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State of U.P. Vs. Shri Kishan [2004] Insc 726 (30 November 2004)

Arijit Pasayat & S.H. Kapadia (Arising out of Slp (Crl.) No. 4982 of 2003) Arijit Pasayat, J Leave Granted.

The State of U.P. is in appeal against the judgment of the learned Single Judge of the Allahabad High Court, Lucknow Bench. By the said impugned judgment, Criminal Appeal No.37 of 1995 was disposed of by reducing the respondent's sentence of 7 years RI imposed in respect of offence punishable under Section 304 Part II of the Indian Penal Code, 1860 (in short the 'IPC') to the period already undergone with a direction to pay fine of Rs.15,000/- with default stipulation of one year RI.

The respondent (hereafter referred to as the 'accused') was found guilty by the learned Sessions Judge, Sitapur. The accused had faced trial for offence punishable under Section 302 IPC for having caused homicidal death of one Chetai (hereinafter referred to as the 'deceased') on 7.5.1988. The injury was caused by a spade over a land dispute. Though the accused was charged for commission of offence punishable under Section 302 IPC, the trial Judge held that appropriate conviction would be under Section 304 Part II IPC and rigorous imprisonment for 7 years was awarded. Before the High Court the accused did not press appeal on merits but only addressed on the question of sentence. It was submitted that the alleged occurrence took place in 1988 and a lenient view should be taken. The High Court practically by an unreasoned and non-speaking order which is impugned in this appeal disposed of the appeal reducing the custodial sentence as afore-noted. All that the High Court said in the judgment is as follows:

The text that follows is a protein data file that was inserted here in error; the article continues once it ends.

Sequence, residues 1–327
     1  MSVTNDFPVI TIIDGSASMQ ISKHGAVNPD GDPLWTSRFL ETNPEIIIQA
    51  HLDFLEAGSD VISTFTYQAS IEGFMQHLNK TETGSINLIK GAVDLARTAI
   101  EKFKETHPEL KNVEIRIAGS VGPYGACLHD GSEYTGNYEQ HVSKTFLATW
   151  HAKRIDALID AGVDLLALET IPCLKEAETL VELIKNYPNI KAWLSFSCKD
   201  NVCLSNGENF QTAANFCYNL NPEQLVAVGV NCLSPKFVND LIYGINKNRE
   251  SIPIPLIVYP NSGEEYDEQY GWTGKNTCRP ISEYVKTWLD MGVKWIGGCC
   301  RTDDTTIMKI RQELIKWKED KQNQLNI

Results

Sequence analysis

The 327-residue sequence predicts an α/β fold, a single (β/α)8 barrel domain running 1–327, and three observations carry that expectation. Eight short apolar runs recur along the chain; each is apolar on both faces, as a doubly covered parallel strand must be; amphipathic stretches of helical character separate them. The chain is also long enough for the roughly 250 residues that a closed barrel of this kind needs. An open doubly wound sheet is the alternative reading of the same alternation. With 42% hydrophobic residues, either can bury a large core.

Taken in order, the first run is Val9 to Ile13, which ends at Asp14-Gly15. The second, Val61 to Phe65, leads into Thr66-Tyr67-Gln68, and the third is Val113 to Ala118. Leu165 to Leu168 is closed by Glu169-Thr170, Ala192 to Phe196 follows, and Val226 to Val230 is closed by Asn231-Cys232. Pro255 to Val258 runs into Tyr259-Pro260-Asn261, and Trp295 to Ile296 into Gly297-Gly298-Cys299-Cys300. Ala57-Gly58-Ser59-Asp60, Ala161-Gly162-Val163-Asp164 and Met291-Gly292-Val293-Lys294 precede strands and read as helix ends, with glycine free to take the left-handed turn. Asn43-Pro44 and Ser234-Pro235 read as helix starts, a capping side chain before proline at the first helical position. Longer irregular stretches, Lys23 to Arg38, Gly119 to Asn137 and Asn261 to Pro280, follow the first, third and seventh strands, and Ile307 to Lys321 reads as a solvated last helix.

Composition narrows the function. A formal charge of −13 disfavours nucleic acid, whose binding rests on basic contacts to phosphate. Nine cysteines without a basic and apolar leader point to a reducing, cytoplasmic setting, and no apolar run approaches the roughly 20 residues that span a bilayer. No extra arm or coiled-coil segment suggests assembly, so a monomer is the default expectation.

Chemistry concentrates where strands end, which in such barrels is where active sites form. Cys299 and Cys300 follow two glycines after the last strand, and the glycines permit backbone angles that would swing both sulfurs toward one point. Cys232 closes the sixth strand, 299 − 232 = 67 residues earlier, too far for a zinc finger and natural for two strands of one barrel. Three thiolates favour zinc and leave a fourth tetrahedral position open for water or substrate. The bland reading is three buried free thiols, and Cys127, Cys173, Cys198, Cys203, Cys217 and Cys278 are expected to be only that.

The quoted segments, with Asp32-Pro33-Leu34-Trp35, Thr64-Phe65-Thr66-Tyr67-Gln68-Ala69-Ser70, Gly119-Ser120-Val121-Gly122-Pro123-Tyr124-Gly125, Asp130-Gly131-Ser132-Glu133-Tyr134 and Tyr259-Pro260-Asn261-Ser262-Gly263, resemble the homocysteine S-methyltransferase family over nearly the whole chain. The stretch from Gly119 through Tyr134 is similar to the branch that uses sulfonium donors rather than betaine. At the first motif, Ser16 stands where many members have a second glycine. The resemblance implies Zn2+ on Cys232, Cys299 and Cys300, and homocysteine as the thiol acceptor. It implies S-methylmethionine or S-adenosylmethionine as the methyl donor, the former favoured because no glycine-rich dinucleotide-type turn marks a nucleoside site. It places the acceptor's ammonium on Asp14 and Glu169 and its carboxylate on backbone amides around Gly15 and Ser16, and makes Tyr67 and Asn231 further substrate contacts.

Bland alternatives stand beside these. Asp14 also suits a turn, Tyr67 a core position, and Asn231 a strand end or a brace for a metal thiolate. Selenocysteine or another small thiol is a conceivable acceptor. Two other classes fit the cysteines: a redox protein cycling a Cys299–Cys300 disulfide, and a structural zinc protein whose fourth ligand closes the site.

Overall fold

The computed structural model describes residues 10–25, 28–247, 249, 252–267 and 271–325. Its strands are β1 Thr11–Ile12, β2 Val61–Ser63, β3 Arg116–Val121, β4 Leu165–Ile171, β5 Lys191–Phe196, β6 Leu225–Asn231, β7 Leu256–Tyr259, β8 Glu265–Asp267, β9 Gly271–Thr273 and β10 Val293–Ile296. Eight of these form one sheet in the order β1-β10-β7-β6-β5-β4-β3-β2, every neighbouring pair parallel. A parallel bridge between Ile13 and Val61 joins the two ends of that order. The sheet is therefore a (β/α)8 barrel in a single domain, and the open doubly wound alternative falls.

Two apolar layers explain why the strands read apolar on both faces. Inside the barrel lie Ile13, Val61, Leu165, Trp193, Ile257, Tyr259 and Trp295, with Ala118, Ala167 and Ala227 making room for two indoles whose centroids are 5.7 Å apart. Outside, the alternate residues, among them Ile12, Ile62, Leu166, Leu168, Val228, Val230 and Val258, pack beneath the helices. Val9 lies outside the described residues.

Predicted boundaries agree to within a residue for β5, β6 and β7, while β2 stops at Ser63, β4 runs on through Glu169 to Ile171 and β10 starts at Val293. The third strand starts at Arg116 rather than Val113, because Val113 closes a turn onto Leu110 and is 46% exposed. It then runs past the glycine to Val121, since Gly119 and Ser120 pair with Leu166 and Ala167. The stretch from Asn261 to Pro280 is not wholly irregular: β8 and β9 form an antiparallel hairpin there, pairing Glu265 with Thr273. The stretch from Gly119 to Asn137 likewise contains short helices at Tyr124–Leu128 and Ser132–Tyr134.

"Considering all facts and circumstances of the case as well as age, character and other antecedents of the appellant, I find that it will meet the ends of justice if the sentence awarded to the appellant is modified and reduced.

The appeal is accordingly dismissed. The conviction recorded against the appellant under Section 304 (Part II} IPC is maintained, but the sentence awarded is reduced to the period already undergone and to pay a fine of Rs.15,000/- and in default of payment of fine to further undergo RI for a period of one year." The logic behind the sentence in a criminal trial has been highlighted by this Court in State of M.P. v. Ghanashyam Singh (2003 (8) SCC 13).

Undue sympathy to impose inadequate sentence would do more harm to the justice system to undermine the public confidence in the efficacy of law and society could not long endure under such serious threats. It is, therefore, the duty of every court to award proper sentence having regard to the nature of the offence and the manner in which it was executed or committed etc. This position was illuminatingly stated by this Court in Sevaka Perumal etc. v. State of Tamil Naidu (AIR 1991 SC 1463).